Therefore, what simplifies trading for individuals also creates benefits for banks directly. Likewise, they can trade their customers' digital assets more quickly, efficiently and cost-effectively through the underlying blockchain technology. Given the security benefits of a bank, a large proportion of investors will continue to have their digital assets held at a bank in the future.

Lower-cost issuance and easier tradability ultimately increase the liquidity of all possible assets. As it becomes easier to launch and trade an asset, this creates a liquidity premium. The asset increases in value as the higher the liquidity, the more lucrative the asset becomes for investors.

At the same time, tokenization also increases the potential of so-called non-bankable assets. This involves assets that can only be securitized through traditional financial infrastructure with great effort and high costs. Also in this area, tokenization can reduce costs or make certain assets bankable in the first place. For the banks, this mainly results in an increase of their assets under management.

Advantage of standardization and programmability

Standardization and interoperability are, in a sense, states of nature in tokenization at the technological level. Public blockchains are designed for a globalized world. Moreover, the possibility of programmability is also a major advantage.

It is possible to assign all kinds of codes to a digital token. Dividend or interest payments can be automated. Tokenized assets can thus represent voting rights and votes can be carried out via the blockchain infrastructure. Furthermore, it is possible to set up funds that hold various tokens, invest themselves according to programmed guidelines and issue their own fund tokens in the process.

However, tokenization also brings an advantage in the fight and prevention of money laundering. With tokenized assets, for instance, it is possible to trace the origin of the tokens and identify the holder over a period of years. Thanks to programmability, a token can also be provided with so-called "whitelisting." Only those who are authorized by the program code can also hold the corresponding token. Conducted KyC processes are shared directly with other participants through the blockchain. Cooperating actors can thus avoid carrying out processes redundantly, which in turn saves costs. Tokenization ultimately brings the possibility of incorporating control and governance elements so that tokens can be controlled as desired and implemented in a regulatory-compliant manner. Control and governance in this regard can also be delegated and shared with partners.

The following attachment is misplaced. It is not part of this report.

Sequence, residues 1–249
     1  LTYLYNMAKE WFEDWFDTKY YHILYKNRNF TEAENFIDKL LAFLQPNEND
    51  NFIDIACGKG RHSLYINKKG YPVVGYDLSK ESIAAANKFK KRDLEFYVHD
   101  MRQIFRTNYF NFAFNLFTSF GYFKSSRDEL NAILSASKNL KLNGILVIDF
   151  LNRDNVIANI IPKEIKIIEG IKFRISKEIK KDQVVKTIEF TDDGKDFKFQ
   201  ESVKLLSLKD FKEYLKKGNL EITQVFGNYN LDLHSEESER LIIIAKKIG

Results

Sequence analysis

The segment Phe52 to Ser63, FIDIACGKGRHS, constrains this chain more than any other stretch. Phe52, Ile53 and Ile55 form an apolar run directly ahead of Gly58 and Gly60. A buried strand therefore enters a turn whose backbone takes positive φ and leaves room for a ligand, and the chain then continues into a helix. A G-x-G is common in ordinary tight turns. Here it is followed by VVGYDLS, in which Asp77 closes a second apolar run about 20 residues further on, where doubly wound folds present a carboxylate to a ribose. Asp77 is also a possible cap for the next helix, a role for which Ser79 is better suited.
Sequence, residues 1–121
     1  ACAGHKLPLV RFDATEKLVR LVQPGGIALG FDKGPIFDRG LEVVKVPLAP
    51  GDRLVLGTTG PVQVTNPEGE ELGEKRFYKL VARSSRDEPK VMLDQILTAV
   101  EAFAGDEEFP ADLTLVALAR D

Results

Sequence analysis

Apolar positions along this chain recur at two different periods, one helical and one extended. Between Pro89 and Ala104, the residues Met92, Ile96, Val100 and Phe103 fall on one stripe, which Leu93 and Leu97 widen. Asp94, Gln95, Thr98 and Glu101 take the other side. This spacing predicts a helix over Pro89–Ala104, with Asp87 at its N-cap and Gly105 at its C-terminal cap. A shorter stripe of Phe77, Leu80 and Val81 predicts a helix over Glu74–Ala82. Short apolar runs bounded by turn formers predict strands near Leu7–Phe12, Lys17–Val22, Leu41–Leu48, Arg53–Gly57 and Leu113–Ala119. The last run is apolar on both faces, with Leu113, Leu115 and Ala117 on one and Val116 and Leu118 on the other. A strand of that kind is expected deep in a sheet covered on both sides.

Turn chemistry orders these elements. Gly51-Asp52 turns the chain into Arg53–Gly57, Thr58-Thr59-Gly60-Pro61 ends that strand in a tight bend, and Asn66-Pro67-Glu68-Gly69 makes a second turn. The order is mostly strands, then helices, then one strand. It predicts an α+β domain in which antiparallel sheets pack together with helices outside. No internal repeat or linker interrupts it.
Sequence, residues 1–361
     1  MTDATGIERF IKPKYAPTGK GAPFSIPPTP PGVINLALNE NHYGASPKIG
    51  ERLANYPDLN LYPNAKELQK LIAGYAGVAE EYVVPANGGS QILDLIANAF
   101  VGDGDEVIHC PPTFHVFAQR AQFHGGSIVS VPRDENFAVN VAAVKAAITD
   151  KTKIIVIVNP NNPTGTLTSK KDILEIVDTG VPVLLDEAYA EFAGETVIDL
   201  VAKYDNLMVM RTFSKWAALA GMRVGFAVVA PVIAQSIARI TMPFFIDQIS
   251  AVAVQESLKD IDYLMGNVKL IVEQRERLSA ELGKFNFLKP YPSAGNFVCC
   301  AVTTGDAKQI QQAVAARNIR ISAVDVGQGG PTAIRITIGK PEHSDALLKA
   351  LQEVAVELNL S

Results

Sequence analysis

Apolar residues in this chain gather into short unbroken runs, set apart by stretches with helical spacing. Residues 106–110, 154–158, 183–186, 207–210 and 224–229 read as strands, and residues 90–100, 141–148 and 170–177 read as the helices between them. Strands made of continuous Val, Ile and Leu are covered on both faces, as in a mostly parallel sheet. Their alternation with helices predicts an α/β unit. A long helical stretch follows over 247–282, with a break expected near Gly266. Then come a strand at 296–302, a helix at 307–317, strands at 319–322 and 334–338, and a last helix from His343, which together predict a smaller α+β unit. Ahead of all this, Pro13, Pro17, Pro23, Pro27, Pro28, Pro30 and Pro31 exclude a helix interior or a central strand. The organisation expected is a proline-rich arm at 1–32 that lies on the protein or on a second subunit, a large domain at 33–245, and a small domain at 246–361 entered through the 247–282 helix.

Greater security

Tokenized assets in the form of tokens are ultimately digital bearer instruments. Like their physical counterparts, they can be held directly and independently. However, in the case of a token, whoever controls the private key has control over the token.

This provides a bank with new opportunities to cooperate with the customer at the custody level. For example, shared ownership is feasible. Customers can be involved in the decision-making and authorization process for the handling of their assets, if they wish. In this respect, blockchain technology enables responsibility to be spread, thus providing greater security in the right place. 



  • Tokenization creates a shared database in the form of the blockchain, increasing interoperability between banks.
  • Along the value chain, intermediaries such as central securities depositories can be omitted, making asset securitization more cost-efficient for banks as well.
  • Lower-cost issuance and easier tradability also increase the liquidity of these assets.
  • Cost savings banks realize due to tokenization can be passed on to the end customer.
  • Programmability creates greater flexibility but also control in the distribution and attribution of digital assets. In the future, banks will also be able to offer automated interest or dividend payments and self-managing funds.
  • Shared ownership provides the opportunity to involve the customer in decision-making and authorization processes.
  • The potential of non-bankable assets is becoming greater and helps a bank to increase its assets under management.



  1. Cost Disruption in the Issuance Market, a report by Finoa und Cashlink.